This is the penultimate walk and I drive up to The Raggalds pub at the top of Roper Lane and park in the car park next to a steel container that has CCTV notices emblazoned on it. It’s a beautiful sunny morning and I begin my journey by walking down Green Lane, the road is busy, traffic hurtling down the hill, I find myself noticing the patterns at the road edge. I go up Taylor Lane, it is surfaced with cobbles which takes me back to my childhood in Nelson, Lancashire. Halfway up Taylor Lane a tractor comes down leaving tyre prints.
At the top of Ned Lane I meet Ken Oldfield, a cyclist, he’s lived on this road for 41 years, he’s in his 70’s and tells me that most of the roads in the area have traffic calming measures: speed bumps, marks on the road, 20 mph zones, traffic cameras, but not this one. “Once they see the white circle with the black line through it they think it’s a freeway and some of them race at 70—80mph, 3 abreast.” Ken’s daughter was clipped & knocked down by a car when she was 9 years old, “She was OK, Thank God.” His daughter is now 40 yet the relief is still palpable. Accidents on this stretch of the road are common with walls frequently being hit and knocked down.
We talked about the experience of driving and the trance-like state it invokes: cut off from the outside world, heater on; it’s conducive to daydreaming & parts of our personalities coming out and acting in ways we wouldn’t normally do outside the vehicle. Ken asks me to pass his concerns onto the council, I tell him that I have nothing to do with them but hopefully someone will read the blog. This is the first person I have spoken to whilst out walking but we are on a country road and I feel safer in this environment than in an urban setting. I am also wearing a rucksack and look like an archetypal walker photographing the countryside, something that is culturally depicted as beautiful and an acceptable activity. A couple of years ago I did an SIA security course and we were instructed to approach anyone taking photos of buildings and treat it as suspect activity. Art students are now perceived as potential terrorists, which, I suppose, is at the nub of my anxiety when filming and photographing in urban areas where CCTV cameras sprout from every building. Activity that once was seen as eccentric is now considered dangerous. The course was 3 days brainwashing into the culture of fear.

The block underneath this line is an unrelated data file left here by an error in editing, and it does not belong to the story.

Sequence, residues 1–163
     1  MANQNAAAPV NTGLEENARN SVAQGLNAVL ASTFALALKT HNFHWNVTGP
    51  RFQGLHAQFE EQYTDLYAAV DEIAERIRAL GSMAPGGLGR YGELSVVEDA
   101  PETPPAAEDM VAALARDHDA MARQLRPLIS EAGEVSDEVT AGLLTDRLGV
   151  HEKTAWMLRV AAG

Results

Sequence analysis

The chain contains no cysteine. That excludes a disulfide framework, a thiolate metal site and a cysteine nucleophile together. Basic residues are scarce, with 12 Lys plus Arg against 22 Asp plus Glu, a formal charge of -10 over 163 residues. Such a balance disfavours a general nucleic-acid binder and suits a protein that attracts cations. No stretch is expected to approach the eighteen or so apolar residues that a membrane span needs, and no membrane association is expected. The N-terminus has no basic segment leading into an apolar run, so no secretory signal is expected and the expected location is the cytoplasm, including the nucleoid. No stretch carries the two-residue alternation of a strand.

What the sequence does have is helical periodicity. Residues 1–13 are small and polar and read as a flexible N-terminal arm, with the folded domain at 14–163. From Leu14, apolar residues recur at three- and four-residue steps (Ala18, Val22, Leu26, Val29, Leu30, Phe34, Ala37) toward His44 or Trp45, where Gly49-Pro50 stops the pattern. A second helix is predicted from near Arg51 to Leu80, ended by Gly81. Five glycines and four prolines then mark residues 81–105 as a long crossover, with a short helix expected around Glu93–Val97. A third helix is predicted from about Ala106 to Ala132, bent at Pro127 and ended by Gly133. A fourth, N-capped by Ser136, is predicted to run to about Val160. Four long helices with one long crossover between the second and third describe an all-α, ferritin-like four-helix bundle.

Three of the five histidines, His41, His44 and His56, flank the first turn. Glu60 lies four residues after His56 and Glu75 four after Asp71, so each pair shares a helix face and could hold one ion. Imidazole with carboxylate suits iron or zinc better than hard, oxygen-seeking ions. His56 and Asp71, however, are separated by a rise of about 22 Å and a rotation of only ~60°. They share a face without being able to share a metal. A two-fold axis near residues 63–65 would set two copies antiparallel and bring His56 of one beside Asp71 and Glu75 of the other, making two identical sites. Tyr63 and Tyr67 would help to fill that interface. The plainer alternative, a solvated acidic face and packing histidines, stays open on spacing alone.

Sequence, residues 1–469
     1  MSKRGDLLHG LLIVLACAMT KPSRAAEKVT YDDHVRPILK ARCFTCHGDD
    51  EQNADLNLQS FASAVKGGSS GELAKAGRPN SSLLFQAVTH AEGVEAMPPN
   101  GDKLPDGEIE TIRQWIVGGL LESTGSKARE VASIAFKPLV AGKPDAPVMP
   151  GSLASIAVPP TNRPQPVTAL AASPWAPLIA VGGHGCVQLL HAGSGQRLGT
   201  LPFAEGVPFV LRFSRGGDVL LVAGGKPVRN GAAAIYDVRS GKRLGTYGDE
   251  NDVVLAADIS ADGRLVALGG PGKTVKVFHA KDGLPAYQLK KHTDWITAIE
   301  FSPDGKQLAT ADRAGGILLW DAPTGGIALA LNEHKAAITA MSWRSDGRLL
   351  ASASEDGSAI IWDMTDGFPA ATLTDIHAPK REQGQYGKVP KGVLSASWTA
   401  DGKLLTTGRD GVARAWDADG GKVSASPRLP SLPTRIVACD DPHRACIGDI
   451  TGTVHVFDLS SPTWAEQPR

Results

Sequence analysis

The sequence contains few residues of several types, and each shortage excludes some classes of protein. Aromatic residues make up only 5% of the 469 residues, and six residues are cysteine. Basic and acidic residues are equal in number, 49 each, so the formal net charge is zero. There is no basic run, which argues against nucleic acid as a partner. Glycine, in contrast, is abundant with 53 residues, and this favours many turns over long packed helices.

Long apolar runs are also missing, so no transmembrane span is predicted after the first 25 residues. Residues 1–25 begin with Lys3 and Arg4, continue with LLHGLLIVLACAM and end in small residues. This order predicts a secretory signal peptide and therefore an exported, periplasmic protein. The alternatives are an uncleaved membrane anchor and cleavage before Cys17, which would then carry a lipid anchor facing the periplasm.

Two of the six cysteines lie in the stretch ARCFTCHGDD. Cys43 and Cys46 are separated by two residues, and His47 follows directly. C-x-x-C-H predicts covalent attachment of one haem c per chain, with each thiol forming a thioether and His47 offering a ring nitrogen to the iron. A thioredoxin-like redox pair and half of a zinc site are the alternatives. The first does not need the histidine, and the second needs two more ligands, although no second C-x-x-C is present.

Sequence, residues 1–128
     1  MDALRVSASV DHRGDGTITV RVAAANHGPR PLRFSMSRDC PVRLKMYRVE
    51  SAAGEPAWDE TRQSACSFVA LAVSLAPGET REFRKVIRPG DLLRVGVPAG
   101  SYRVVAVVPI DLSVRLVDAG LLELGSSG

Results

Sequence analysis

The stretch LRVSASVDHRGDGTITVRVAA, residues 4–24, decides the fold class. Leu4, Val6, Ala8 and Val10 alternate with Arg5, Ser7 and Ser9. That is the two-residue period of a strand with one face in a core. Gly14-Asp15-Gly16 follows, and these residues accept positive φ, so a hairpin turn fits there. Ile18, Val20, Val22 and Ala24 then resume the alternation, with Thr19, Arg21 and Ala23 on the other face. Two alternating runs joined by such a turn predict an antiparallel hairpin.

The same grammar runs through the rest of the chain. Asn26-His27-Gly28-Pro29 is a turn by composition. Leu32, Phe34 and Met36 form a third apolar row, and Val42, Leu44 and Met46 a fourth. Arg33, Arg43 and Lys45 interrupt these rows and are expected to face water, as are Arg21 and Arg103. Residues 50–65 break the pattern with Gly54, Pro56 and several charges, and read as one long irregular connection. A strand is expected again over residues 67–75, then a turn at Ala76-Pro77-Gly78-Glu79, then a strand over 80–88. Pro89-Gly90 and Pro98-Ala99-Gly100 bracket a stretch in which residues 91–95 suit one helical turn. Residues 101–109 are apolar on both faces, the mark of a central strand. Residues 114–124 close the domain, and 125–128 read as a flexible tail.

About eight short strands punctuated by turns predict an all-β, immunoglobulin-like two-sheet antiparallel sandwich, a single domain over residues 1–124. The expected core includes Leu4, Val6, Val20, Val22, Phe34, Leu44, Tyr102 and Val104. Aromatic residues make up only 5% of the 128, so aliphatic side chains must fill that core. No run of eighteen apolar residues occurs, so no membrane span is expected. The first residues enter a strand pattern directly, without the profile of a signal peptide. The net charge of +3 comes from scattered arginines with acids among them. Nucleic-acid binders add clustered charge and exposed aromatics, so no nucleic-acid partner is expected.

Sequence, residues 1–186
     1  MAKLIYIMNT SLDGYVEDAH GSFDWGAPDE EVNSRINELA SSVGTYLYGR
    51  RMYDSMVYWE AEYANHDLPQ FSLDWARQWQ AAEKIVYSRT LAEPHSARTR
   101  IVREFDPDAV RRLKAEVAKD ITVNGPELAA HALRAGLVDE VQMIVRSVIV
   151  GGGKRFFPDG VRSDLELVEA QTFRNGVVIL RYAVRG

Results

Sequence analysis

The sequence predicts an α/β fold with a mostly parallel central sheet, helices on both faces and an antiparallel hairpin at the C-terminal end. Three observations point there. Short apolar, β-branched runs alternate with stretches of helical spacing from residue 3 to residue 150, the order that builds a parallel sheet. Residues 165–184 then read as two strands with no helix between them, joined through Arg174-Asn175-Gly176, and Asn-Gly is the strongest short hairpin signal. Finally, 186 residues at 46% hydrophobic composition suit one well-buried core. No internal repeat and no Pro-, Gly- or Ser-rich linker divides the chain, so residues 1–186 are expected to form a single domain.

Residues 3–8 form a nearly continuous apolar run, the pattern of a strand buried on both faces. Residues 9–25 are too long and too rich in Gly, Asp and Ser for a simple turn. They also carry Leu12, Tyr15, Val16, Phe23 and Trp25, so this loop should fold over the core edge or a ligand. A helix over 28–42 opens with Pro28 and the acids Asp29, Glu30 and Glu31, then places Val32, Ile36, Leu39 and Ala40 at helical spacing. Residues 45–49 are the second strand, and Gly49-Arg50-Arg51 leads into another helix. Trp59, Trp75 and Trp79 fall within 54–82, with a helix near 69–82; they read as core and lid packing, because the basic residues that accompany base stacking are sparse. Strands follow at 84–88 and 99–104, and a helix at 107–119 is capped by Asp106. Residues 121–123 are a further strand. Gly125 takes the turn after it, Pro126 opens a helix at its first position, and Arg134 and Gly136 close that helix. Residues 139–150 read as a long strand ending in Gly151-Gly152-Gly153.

I’ve brought my Lumix camera. My Go Pro filming skills leave a lot to be desired and my ideas far outrun what I am able to do technically. But I’m feeling positive as I walk down Syke Lane and look across the valley and see a deep gorge which reminds me of the original contour map, it feels like I’m sewing together the old map and my present physical experience which gives me an enormous sense of satisfaction. I feel embedded in the physical world; alive, present, the inner and outer landscape merging.
I’m reading the Tao of Pooh which encourages one to stop striving and over stimulating the mind and be mindful of the beauty that is already in one’s life, however simple and transient. What we realise is beautiful is what we we are not really looking at. I decide that the road edges are beautiful and really look at them.
Towards the end of the walk I begin to look up and become interested in the electric masts, they remind me of trees I saw 10 years ago when I visited an art retreat in Lemba, Cyprus, there were not many of them. We tend to notice things that become scarce whereas everyday objects seem to become invisible until we really look at them.
As I write my notes up in the car park the landlord comes out and moves three traffic cones over the uneven ground, I wonder if he thinks that I am an undercover health and safety officer from the council doing an unannounced check. I drive off, I don’t want to make him nervous or implicate myself as a bogus security guard.